GEORGE FLOYD DEATH: EX-OFFICER HELD IN MINNEAPOLIS

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George Floyd death: Ex-officer held in Minneapolis

A man sacked as a police officer following the death of unarmed black man George Floyd in the US city of Minneapolis has been arrested, officials say.

Derek Chauvin is one of four police officers who were fired after Mr Floyd’s death in custody on Monday.

There have been days of protests, looting and arson after an officer was filmed kneeling on George Floyd’s neck.

The case has added to US anger over police killings of black Americans.

On Thursday, during the third night of protests over Mr Floyd’s death, a police station was set alight. A number of buildings have been burned, looted and vandalised in recent days, prompting the activation of the state’s National Guard troops.

There have also been demonstrations in other US cities, including New York, Los Angeles, Chicago, Denver, Phoenix and Memphis.

Earlier on Friday, Minnesota Governor Tim Walz said he expected “swift and fair” justice for Mr Floyd’s death.

George Floyd
Image captionGeorge Floyd repeatedly told the police officers who detained him that he could not breathe

President Donald Trump said “thugs” were dishonouring Mr Floyd’s memory and called on the National Guard to restore order.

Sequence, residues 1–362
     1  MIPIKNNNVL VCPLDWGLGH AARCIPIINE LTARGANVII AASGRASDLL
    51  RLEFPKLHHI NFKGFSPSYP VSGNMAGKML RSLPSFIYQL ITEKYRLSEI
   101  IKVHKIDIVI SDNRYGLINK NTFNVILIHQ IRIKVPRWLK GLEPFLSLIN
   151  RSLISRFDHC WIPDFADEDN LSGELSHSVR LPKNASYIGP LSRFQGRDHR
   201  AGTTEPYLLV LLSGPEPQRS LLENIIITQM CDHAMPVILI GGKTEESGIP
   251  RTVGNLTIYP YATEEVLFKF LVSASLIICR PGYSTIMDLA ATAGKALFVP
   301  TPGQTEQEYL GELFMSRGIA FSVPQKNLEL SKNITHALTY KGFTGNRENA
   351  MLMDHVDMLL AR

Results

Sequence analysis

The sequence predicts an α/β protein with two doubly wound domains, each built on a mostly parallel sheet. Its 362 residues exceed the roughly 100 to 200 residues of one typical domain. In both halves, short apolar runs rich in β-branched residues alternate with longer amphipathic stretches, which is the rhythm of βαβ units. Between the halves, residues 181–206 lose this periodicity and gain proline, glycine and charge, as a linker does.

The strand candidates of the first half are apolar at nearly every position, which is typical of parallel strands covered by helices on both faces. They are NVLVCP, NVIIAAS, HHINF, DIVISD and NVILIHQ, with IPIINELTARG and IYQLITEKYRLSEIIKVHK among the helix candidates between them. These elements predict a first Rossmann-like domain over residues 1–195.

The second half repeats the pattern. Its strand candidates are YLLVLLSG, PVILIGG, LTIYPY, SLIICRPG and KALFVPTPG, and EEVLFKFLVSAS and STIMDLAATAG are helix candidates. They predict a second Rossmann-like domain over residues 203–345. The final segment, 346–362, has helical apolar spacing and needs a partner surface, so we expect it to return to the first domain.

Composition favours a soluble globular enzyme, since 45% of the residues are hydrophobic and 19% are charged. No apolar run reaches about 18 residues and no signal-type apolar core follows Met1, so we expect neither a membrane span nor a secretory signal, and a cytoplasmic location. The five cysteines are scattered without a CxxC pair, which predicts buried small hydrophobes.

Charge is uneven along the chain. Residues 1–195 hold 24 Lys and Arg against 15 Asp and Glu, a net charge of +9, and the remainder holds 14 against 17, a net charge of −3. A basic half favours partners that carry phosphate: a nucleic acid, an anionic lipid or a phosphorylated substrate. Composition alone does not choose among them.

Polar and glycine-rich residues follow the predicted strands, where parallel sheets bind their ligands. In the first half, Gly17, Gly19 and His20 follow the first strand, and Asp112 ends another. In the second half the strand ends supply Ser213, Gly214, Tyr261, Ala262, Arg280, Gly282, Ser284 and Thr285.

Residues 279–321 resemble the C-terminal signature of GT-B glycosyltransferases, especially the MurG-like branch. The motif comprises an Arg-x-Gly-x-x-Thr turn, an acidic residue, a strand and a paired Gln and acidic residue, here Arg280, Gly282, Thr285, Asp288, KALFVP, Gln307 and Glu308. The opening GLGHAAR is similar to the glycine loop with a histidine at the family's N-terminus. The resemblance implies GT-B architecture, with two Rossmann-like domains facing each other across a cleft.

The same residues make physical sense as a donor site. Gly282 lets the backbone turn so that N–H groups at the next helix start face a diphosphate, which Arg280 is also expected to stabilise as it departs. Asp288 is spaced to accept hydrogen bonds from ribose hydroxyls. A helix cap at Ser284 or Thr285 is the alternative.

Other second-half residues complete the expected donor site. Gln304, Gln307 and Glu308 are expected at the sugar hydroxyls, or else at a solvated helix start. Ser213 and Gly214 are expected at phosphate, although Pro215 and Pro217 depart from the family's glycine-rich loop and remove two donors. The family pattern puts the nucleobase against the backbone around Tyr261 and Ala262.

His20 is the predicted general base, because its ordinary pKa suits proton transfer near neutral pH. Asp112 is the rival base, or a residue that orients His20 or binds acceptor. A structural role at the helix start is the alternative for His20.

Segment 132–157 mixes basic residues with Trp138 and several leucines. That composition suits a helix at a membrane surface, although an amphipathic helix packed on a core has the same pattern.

Social media network Twitter accused Mr Trump of glorifying violence in a post that said: “When the looting starts, the shooting starts.”

What happened to George Floyd?

Officers responding to reports of the use of counterfeit money approached Mr Floyd in his vehicle on Monday.

According to police, he was told to step away from the car, physically resisted officers, and was handcuffed.

Video of the incident does not show how the confrontation started, but a white officer can be seen with his knee on Mr Floyd’s neck, pinning him down.

Mr Floyd can be heard saying “please, I can’t breathe” and “don’t kill me”.

Minneapolis 3rd Precinct police station
Image captionThe 3rd Precinct police station in Minneapolis was burnt out on Thursday night during riots

The Minnesota police handbook states that officers trained on how to compress the neck without applying direct pressure to the airway can use a knee under its use-of-force policy. This is regarded as a non-deadly-force option.

Source: BBC

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